There probably have been worse weekends, and uglier stretches in Mets’ history. Perhaps, during the collapse of 2007. However, their current freefall is gathering momentum in its brutality.
Three games against the Dodgers; three comebacks that fell short. Today’s took them 12 innings before the Dodgers stopped fooling around and hit the Mets’ pen with a five spot.
The Mets have lost nine of ten games with the Nationals coming into Citi Field for a three-game series tomorrow. Then, they are off to the West Coast to continue a stretch of 20 straight games without a day off.
Evidently, MLB uses the same schedulers as the NBA.
The Mets face this stretch with Johan Santana on the DL – not that it matters – and a stop-gap starter for Wednesday. David Wright is starting to cool, and Jason Bay has never thawed. Ike Davis and Lucas Duda are also struggling.
The Mets are hitting the icy patch in their schedule as expected. For three months they more than held serve. Actually, they might have played over their heads, although that’s something they’ll vehemently deny.
What they can’t deny, after dipping below .500 for the first time this season, is things are slipping away and it won’t be soon before adding help will become a moot point.
It doesn’t matter if Johan Santana misses two starts. What matters is the temptation to overthrow in a game is removed for at least two weeks. Let’s face it, he’s a competitor and will be tempted. Hopefully, it won’t be more than that.
Of course, Santana said he could pitch. What else would you expect him to say?
Personally, I thought they would have to rest him before this. Was pushing him in the no-hitter the wrong thing to do? I don’t know. Fact is, it wasn’t just the 134 pitches, but all the ones before and since.
It was also the right thing to do and DFA Miguel Batista. He was giving the Mets nothing.
And, finally, Jordany Valdespin is in the starting lineup today. About time.
Ruben Tejada, ss
Jordany Valdespin, lf
David Wright, 3b
Ike Davis, 1b
Daniel Murphy, 2b
Lucas Duda, rf
Kirk Nieuwenhuis, cf
Josh Thole, c
Jon Niese, lhp
After another horrid start by Johan Santana – at least six runs in last three starts – the Mets are clearly worried about his arm. They insist he’s not injured of this related to his high pitch count in his no-hitter.
Maybe they are correct. Maybe it’s denial. But, something isn’t right with Santana and you don’t have to be a pitching coach to see it. His fastball last night clocked at two, three mph., slower than it had been. He’s also not challenging hitters as he used to. In previous seasons, and maybe earlier this year, he would have challenged Matt Kemp instead of having Josh Thole set up in the left-handed batters box.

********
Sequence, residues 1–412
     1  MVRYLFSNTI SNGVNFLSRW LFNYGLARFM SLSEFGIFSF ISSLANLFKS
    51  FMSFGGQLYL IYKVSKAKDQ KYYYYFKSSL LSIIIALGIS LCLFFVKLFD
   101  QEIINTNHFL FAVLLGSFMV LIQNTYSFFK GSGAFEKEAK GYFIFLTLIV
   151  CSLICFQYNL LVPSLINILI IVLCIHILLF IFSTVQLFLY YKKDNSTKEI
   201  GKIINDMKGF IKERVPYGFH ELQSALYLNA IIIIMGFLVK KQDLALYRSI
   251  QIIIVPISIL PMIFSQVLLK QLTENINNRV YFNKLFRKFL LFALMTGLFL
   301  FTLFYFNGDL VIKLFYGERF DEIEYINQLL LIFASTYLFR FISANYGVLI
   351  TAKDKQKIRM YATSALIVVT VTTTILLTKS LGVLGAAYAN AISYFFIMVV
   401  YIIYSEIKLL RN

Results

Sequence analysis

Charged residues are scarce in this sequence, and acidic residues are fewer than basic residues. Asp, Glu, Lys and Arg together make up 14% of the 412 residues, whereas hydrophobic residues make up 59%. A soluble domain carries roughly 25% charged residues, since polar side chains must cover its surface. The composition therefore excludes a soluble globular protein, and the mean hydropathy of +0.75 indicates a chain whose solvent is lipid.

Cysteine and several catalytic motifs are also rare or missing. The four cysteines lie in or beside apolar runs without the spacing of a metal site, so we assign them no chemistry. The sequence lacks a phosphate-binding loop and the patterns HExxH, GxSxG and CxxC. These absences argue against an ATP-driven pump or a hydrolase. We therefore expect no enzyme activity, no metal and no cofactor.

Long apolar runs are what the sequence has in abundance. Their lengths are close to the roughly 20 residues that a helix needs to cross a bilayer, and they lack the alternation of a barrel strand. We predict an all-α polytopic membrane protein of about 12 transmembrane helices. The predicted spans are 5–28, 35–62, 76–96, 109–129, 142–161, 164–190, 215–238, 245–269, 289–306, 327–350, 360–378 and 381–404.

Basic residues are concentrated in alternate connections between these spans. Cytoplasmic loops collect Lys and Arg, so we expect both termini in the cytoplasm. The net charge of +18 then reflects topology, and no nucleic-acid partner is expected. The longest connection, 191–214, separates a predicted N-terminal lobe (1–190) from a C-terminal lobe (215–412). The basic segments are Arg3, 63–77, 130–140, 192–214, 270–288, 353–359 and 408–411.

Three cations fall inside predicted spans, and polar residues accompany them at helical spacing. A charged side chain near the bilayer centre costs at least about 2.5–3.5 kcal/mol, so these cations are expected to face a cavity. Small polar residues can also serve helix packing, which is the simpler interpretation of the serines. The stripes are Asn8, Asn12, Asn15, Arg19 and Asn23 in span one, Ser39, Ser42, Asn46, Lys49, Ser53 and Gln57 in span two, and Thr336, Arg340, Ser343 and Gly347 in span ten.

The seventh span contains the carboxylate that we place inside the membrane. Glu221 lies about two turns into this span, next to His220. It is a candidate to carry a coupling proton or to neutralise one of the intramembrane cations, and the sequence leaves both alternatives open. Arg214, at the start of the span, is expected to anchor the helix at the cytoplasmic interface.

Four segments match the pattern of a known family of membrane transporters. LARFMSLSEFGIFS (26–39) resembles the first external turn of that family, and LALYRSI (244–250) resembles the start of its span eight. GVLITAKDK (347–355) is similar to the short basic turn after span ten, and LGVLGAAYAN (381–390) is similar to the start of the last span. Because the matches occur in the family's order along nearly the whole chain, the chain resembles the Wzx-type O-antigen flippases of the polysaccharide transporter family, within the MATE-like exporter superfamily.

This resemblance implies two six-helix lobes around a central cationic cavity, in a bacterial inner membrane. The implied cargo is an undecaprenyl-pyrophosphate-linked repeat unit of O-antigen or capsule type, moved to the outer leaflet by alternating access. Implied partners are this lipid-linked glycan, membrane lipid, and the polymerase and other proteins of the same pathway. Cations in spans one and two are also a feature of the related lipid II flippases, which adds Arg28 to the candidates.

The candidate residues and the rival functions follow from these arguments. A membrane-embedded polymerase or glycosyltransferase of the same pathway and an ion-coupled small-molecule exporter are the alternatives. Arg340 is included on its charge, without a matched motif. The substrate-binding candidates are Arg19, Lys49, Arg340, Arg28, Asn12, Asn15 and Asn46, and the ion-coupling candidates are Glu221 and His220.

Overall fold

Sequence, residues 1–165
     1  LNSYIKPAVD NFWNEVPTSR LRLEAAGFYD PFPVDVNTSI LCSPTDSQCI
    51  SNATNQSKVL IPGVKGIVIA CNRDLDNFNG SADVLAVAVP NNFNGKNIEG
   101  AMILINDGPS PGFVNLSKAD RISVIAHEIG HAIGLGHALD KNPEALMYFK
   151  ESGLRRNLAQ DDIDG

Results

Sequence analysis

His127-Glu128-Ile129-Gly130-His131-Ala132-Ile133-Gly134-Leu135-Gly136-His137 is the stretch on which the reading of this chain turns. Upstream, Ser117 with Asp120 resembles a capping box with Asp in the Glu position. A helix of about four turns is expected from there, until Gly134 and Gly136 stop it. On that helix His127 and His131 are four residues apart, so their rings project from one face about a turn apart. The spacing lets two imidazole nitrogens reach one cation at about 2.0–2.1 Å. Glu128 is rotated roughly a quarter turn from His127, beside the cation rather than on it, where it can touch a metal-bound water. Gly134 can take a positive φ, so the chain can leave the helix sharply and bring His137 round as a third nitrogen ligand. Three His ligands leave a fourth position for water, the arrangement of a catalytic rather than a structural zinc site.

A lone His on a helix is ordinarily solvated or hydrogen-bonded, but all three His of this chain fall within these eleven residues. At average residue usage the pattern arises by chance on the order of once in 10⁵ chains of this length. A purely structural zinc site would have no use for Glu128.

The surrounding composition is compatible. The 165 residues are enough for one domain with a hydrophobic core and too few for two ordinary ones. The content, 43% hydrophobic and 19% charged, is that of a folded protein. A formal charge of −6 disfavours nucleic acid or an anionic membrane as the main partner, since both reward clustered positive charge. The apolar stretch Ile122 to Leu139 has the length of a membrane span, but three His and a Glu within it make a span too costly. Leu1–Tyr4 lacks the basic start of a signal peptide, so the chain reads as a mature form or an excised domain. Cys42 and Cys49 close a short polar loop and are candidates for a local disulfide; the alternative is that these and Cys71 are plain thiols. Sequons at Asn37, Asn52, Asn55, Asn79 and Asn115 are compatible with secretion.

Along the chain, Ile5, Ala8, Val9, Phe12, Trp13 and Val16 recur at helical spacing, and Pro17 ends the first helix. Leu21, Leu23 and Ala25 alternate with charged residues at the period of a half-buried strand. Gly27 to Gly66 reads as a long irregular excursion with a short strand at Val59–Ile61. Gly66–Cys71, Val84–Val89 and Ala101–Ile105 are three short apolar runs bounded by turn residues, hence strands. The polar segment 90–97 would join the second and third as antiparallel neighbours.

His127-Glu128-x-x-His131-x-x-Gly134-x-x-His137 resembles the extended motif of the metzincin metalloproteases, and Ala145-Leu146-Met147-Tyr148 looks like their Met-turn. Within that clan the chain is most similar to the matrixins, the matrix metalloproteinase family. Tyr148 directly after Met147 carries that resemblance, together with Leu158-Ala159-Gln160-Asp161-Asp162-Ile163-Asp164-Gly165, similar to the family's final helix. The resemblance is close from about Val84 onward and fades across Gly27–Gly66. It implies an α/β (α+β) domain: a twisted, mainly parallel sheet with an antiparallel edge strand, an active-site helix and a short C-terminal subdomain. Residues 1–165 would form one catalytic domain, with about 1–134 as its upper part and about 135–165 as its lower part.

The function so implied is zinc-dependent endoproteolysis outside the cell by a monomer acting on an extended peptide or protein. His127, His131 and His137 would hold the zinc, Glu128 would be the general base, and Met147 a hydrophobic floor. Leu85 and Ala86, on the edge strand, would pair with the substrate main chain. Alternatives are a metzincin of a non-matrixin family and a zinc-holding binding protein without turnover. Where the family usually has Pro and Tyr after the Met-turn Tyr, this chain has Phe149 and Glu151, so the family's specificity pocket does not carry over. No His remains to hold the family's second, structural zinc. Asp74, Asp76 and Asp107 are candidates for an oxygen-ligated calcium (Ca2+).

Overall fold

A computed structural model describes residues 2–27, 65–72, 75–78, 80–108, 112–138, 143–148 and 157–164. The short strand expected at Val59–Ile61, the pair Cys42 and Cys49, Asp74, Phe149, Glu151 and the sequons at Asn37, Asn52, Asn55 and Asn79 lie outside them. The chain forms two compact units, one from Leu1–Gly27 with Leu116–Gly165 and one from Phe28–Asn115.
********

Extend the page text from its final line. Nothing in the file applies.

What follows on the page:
The Mets are considering pushing him back a start, skipping him in the rotation altogether and putting him on the DL to “get some energy back in his arm,” said Terry Collins.
Over his last three starts, Santana has given up 19 earned runs over 12.2 innings for a lofty 13.50 ERA. ), and became just the third pitcher in franchise history to give up six or more earned runs in three consecutive starts.
Santana insists his health is fine, but that the problem is not commanding his fastball. If something were wrong, the competitor in him wouldn’t allow him to admit it, just gut it out. Even so his ERA is 3.98 ERA, over a run higher than at the time of the no-hitter (2.75).
Santana’s next scheduled start is Wednesday afternoon against the Nationals. We’ll see. I’ll take the DL option just to shut it all down and start over.
It’s time for the Mets to be concerned about Johan Santana. Since his no-hitter, Santana has made seven starts, giving up at least four runs in four of them.
Santana has given up 13 runs on 21 his in his past two starts, including four homers. He has lost three of his past four starts, with the common thread being an inability to stop a big inning.
Is this all related to making 134 pitches in the no-hitter? I don’t know. What I do know is Santana is on pace to finish 11-11.
The Mets babied Santana earlier this season, and maybe it is time to do so again. The only problem being when he leaves the game it is turned over to the bullpen.
Of the 30 major league teams, only six after at least 10 games behind in the wild-card standings. The Mets are only 3.5 games behind, a position which should have them as prime buyers.
The problem of shopping in the bullpen aisle, say the Mets, is the cost. That translates into not expecting too much. Huston Street and Jonathan Broxton, while manageable in salary, extract a big prospect price the Mets aren’t willing to pay.
In weighing the present and future, the scales a tipping toward the latter, said assistant GM John Ricco: “We’re watching every day the same thing people are. But you also can’t fool yourself into thinking that there’s one guy that is going to be the be-all and end-all solution to all of our problems. You can fall into that trap and make some big mistakes.”
The problem for Sandy Alderson is his team isn’t one of the six 10 games out, which is what the expectations of them were – probably even from Mets management. Alderson never thought he’d be a buyer.
Although their contracts are Jeremy Lin Ridiculous, Alderson was thinking maybe somebody would be desperate enough to take the Johan Santana and Jason Bay off his hands.
Despite their skid, the Mets are in it now. There’s no guarantee in the future Alderson is trying to protect that they’ll be close again anytime soon. That defines the pressure he is under.